Security deposit drama is a real and it sometimes can become an aggravating part of apartment living. But move-outs don’t have to end with such anxious and bitter moments.
Informed renters – and it all begins with reading the lease – are able to set reasonable expectations about move-out refunds. This way, they won’t have to deal with breaking their budgets or stirring unnecessary angst.
Many key security deposit particulars - from what amount a landlord can rightfully demand at the lease signing to the steps to take when disputing the refund at move-out - are set by the state.
Victoria Cowart, Director of Operations, Adalease Property Management, Charleston, S.C., discusses the basics of the process in her state. Much of her commentary applies in other states, but it’s best to read-up on exactly how things will play out where you live.
Deposits are Down Payments
Apartment communities financially screen applicants who intend to sign a lease. The security deposit amount is based on that screening, which indicates the applicant’s financial well-being.
The deposit could range from $350 or a full months’ rent. (Other states have set rates and others use a sliding scale based on the amount of rent).
Deposits are used as placeholders for a prospect who is interested in a specific apartment home. Security deposit parameters are part of the lease, and the language in the lease explains what happens at move-in and move-out.
A move-out inspection must take place and their results communicated to the resident within 30 days of move-out. The walk-through inspection typically can last between five minutes and a half-hour.
“We invite the resident to walk through the inspection with us,” Cowart says. “We take photos and we take notes at move-in and then again at move-out and compare. And if there are charges at move-out, the photos are used to support those charges.”
The things most commonly focused on during a walk-through are appliances, walls, flooring, carpeting and window coverings.
“Based on the condition they are found to be in, these things either need to be wholly replaced or repaired, with costs based on a sliding scale, such as the age of the carpet and the degree of wear and tear it shows,” Cowart says.
“If things need repair or replacement beyond normal wear and tear, we price it out and deduct it from the security deposit.”
Another factor is the cost for the necessary housekeeping to be performed after move-out. (Interestingly, Cowart says housekeeping fees have not risen due to Covid-19.)
Challenging the Process
“When residents move out, there is the matter of the security deposit and the balanced owed,” she says. “They are two separate things. The balance owed includes things such as back rent or any outstanding fees such as damage fees.”
Should a resident want to challenge the process, Cowart says the property manager will first have a conversation with them to see if an agreement can be reached.
“The conversation is based on facts given their situation and the condition of the apartment,” she says.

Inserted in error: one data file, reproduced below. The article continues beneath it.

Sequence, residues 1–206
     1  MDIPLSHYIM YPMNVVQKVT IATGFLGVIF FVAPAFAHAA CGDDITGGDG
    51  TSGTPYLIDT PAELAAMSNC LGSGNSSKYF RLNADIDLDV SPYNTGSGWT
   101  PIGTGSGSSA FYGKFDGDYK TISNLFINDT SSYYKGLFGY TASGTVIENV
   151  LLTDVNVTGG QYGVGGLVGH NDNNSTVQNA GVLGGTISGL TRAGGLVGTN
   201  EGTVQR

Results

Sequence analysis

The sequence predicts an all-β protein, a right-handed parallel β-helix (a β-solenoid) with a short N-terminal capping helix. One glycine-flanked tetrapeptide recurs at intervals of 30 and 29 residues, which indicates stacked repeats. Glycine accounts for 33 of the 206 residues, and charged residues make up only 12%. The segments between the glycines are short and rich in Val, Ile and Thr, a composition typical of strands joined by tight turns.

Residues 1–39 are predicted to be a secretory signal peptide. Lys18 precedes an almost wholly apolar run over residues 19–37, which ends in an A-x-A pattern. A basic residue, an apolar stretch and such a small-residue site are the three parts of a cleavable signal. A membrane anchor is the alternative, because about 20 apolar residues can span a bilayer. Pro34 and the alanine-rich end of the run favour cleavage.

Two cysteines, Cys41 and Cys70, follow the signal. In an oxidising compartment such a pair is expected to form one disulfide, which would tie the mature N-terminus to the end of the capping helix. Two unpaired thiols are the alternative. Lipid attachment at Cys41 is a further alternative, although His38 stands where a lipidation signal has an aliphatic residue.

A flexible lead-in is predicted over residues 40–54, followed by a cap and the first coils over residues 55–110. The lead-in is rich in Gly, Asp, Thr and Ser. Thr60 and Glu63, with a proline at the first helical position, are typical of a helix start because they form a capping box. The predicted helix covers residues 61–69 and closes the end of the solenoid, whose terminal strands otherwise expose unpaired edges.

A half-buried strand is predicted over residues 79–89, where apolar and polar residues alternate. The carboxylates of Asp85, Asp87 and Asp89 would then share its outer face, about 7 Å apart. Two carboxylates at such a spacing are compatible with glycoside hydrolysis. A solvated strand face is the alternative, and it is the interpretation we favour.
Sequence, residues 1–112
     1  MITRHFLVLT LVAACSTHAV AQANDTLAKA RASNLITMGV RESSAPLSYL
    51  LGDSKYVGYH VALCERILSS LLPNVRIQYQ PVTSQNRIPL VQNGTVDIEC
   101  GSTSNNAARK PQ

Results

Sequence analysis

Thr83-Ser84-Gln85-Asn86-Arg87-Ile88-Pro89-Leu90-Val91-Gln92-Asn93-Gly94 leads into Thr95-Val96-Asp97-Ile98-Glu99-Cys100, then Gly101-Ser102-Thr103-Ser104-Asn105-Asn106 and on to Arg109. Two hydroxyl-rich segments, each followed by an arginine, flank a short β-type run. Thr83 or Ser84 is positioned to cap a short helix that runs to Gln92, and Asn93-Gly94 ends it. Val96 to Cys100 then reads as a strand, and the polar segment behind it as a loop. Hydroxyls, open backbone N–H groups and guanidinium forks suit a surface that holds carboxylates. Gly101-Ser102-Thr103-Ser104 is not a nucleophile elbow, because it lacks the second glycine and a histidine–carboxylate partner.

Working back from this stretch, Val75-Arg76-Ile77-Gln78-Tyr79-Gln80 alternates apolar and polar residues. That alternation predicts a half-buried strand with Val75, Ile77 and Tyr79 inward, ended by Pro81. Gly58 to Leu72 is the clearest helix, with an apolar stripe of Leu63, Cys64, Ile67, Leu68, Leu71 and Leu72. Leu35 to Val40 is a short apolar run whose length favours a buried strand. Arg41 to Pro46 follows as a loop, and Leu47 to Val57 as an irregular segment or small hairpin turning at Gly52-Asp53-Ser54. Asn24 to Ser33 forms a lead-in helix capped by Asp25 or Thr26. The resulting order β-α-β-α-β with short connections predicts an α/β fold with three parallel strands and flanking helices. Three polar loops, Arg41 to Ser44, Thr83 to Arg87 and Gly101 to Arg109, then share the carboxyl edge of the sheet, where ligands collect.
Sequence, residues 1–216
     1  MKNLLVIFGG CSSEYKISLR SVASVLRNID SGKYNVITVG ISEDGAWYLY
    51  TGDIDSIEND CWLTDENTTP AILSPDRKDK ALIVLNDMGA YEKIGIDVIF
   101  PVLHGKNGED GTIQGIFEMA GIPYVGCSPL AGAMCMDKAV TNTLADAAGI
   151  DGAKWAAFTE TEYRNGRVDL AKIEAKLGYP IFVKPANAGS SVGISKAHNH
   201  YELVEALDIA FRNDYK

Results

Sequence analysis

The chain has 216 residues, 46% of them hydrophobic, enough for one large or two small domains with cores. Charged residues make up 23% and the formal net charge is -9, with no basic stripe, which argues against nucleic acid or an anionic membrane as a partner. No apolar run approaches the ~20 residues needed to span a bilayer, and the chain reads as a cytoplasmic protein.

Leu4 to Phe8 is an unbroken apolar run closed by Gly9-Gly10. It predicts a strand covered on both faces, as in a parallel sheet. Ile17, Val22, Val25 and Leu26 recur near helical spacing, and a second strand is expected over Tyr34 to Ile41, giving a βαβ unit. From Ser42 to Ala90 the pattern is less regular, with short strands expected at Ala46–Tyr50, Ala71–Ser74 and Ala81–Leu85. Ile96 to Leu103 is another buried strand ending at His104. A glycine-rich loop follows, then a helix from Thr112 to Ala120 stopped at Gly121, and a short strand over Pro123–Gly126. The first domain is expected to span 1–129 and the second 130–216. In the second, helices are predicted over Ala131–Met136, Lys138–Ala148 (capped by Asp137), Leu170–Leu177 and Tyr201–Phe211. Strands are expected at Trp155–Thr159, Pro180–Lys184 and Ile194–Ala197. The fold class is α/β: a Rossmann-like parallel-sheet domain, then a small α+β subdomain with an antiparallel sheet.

“If the resident wants to sue and go to small claims court, in South Carolina, they stand to be awarded three times the amount they can prove was wrongfully withheld by management and feel that they deserve,” Cowart says.
“Because the financial bar is set that high for the property owner or management company, apartment operators have every reason to go through this process correctly and provide evidence for their case.”
Cowart estimates that about 40 percent of renters will rebuff (challenge the initial inspection and charge results) the original security deposit refund.
“But in my lengthy career, I can count on one hand how many times I’ve had to settle through small claims court, and in both cases, I countersued and came out ahead.”
Writing a Demand Letter
Residents who wish to sue over a security deposit dispute will first most likely email, write, or call the owner, demanding a larger refund or fix some other problem involving the deposit. Some states require this type of demand letter before the resident can begin a small claims case.
Disputes usually go before a judge (there are no juries) within a month or two. Residents may sue for the amount of the security deposit that they believe the owner wrongfully withheld, up to the state’s limit. The maximum amount for which you can sue in Florida’s small claims court, for example, is $5,000. In South Carolina, it can be as much as three times the deposit.
“If your landlord fails to send you a written itemization of your deposit as required by your state security deposit law, or you feel the landlord’s deductions were unfair, try first to work out some kind of agreement with your landlord,” writes NOLO, an online resource that helps consumers and small businesses find answers to their everyday legal and business questions.
“The landlord might allow the resident to do additional cleaning, rather than charge them for cleaning costs,” NOLO writes.
If negotiating with the landlord is unsuccessful, residents may put their concerns in writing, in the form of a demand letter.
On the demand letter, residents should clearly state their concerns and what they want – such as the return of the full deposit within five business days.
The demand letter should cite the given state’s security deposit law (find yours at Security Deposit Limits and Deadlines in your State chart) and state that the intention is to sue the landlord in small claims court if necessary. In some states, a written demand for the return of your security deposit must be made before the resident may sue in small claims court.
“It’s a good idea to send a demand letter regardless of whether or not your state requires it,” NOLO writes.
Send demand letters by certified mail (return receipt requested), or with another service that provides a receipt, establishing the date of delivery.
Keep a copy of the demand letter and the delivery receipt. They are required in court.